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The Broxburn Oil Works Fire

As reported in our late editions yesterday, fire broke out yesterday afternoon in one of the large oil tanks in Broxburn Oilworks, the result, it is supposed, of a spark falling from the chimney through the manhole. Dense volumes of smoke and flame at once shot up in an alarming manner. the works brigade were shortly on the spot, and with a plentiful supply of water at their command kept a continuous stream playing on the adjacent tanks to keep them cool.

One of the tanks below the burning one, however, exploded also, and a third almost immediately afterwards. The oil escaping from the tanks ran through the works burning all the way. It seems as if a large portion of the works would be enveloped in flames, especially as the wind had shifted. The refinery and laboratory were at one time in considerable danger, but happily the efforts of the men to avert damage in this direction were successful.

The flowing oil was damped down, and the oil from the adjacent tanks ran off, thus averting further explosions. Water and sand were then applied freely to the centre of the outbreak, and by six o'clock all danger was past. No serious incident to workmen took place. The excitement in Broxburn as the explosions took place was considerable, hundreds of men and women running to the works. When the explosions took place there must have been in each of the three tanks at least two thousand gallons of oil.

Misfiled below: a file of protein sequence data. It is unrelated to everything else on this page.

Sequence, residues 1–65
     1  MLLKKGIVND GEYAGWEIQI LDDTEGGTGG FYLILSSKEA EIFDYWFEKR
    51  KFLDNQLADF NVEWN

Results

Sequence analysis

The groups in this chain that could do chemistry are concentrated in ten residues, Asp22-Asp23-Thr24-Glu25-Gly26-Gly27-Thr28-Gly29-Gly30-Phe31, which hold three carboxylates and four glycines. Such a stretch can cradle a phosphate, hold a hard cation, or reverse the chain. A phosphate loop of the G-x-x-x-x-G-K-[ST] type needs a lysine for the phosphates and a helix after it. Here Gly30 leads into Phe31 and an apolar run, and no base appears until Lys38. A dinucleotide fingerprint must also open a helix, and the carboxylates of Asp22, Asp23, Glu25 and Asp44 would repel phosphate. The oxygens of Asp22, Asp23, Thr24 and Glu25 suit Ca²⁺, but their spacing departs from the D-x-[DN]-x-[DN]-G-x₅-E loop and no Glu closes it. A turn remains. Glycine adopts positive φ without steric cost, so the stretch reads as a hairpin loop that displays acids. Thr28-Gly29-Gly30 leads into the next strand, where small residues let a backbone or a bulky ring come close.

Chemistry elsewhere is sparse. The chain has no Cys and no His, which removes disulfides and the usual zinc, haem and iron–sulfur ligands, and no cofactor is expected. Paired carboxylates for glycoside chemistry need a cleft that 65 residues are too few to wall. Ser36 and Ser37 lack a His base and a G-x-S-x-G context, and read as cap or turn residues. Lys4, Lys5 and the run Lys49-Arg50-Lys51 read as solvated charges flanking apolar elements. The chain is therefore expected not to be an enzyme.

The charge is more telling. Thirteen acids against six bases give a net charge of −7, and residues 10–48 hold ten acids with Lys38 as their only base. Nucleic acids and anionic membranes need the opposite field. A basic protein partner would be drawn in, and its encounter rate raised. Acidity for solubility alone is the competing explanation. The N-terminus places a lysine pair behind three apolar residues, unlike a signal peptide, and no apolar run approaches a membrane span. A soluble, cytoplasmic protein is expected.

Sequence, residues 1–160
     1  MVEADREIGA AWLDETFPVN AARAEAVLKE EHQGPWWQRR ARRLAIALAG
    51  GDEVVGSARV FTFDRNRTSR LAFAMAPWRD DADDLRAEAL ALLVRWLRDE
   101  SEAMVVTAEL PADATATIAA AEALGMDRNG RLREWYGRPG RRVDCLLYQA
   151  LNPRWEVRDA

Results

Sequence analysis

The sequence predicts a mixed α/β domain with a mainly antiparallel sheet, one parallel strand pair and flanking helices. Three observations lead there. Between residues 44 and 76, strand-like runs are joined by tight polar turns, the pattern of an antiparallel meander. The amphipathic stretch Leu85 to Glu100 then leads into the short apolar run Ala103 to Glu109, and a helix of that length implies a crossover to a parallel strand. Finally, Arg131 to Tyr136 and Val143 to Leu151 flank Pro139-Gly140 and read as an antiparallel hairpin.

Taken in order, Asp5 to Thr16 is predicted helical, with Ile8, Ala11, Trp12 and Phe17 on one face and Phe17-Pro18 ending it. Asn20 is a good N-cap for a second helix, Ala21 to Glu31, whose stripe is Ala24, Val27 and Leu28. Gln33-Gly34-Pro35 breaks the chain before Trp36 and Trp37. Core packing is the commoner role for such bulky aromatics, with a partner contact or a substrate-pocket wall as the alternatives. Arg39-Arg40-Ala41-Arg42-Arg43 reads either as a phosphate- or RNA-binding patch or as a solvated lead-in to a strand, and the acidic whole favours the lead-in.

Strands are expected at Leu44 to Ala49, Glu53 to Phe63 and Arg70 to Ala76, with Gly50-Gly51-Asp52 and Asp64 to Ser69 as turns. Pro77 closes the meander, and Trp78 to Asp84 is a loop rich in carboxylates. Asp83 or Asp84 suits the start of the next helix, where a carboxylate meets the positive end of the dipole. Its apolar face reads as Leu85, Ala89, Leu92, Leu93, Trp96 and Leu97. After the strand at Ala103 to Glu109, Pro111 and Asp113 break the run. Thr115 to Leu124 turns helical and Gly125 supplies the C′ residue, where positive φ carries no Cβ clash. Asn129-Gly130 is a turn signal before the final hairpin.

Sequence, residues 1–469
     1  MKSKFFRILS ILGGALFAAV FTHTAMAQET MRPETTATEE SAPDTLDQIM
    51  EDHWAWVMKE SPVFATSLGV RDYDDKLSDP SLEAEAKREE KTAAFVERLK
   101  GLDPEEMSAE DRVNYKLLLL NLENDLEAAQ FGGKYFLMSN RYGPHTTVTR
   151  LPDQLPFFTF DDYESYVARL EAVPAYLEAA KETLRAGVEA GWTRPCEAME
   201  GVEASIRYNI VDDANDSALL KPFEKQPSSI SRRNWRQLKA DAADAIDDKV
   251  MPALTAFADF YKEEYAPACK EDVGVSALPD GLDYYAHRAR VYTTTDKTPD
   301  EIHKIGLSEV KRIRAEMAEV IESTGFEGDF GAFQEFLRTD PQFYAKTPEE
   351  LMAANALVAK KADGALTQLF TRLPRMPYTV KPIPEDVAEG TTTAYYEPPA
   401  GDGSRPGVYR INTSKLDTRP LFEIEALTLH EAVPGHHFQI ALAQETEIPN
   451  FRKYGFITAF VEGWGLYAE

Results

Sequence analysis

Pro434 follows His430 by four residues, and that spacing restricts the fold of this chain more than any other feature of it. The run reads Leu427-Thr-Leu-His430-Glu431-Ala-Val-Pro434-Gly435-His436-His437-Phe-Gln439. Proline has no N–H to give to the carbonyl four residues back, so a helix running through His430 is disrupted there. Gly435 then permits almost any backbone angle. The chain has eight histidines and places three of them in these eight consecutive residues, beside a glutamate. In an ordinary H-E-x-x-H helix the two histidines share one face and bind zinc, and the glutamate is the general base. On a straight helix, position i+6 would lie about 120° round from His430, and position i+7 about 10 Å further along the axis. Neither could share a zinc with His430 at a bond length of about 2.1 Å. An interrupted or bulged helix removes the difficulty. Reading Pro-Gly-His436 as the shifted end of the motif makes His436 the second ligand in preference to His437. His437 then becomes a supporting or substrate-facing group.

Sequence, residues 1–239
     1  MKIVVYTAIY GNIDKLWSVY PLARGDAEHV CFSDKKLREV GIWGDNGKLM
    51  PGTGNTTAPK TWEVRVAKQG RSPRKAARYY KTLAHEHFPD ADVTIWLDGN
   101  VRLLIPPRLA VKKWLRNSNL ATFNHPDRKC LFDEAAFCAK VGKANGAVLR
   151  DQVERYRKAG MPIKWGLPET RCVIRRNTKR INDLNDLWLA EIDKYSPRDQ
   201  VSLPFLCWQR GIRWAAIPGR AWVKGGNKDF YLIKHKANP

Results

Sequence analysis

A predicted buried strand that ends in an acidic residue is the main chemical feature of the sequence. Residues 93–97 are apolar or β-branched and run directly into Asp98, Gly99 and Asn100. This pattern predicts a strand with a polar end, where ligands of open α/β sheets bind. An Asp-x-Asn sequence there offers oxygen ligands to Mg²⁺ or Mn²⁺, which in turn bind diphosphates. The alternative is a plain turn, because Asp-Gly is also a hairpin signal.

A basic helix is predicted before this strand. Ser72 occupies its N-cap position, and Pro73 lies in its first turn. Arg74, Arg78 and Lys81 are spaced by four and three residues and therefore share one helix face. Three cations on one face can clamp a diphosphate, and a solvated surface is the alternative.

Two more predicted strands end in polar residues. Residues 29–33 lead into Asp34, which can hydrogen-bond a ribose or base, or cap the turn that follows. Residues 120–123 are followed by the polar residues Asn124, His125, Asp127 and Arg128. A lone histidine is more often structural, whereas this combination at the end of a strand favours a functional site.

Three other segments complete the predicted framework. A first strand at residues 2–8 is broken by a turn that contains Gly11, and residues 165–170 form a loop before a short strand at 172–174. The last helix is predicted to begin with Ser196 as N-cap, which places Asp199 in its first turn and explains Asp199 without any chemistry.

In a talk with an employee last night our representative was informed that then the second explosion took place nearly one hundred workmen ran the risk of being scaled to death. Had the oil stored in this tank not been exhausted by the first fire there can be little doubt that many lives would have been lost. As it turned out, the operatives engaged fighting the flames escaped with but slight injuries. Various estimates are given of the damage.


A sad death from excitement took place at Mid Street during the fire. Mrs Archibald, who resided at No. 192, on the second explosion taking place, ran out of her house in an excited state, and no sooner had she got out than she fell down in a faint. She was carried into the house, but before medical assistance could be got she expired. Deceased had suffered from weak action of the heart for some time.

The Edinburgh Evening News, 20th August 1897


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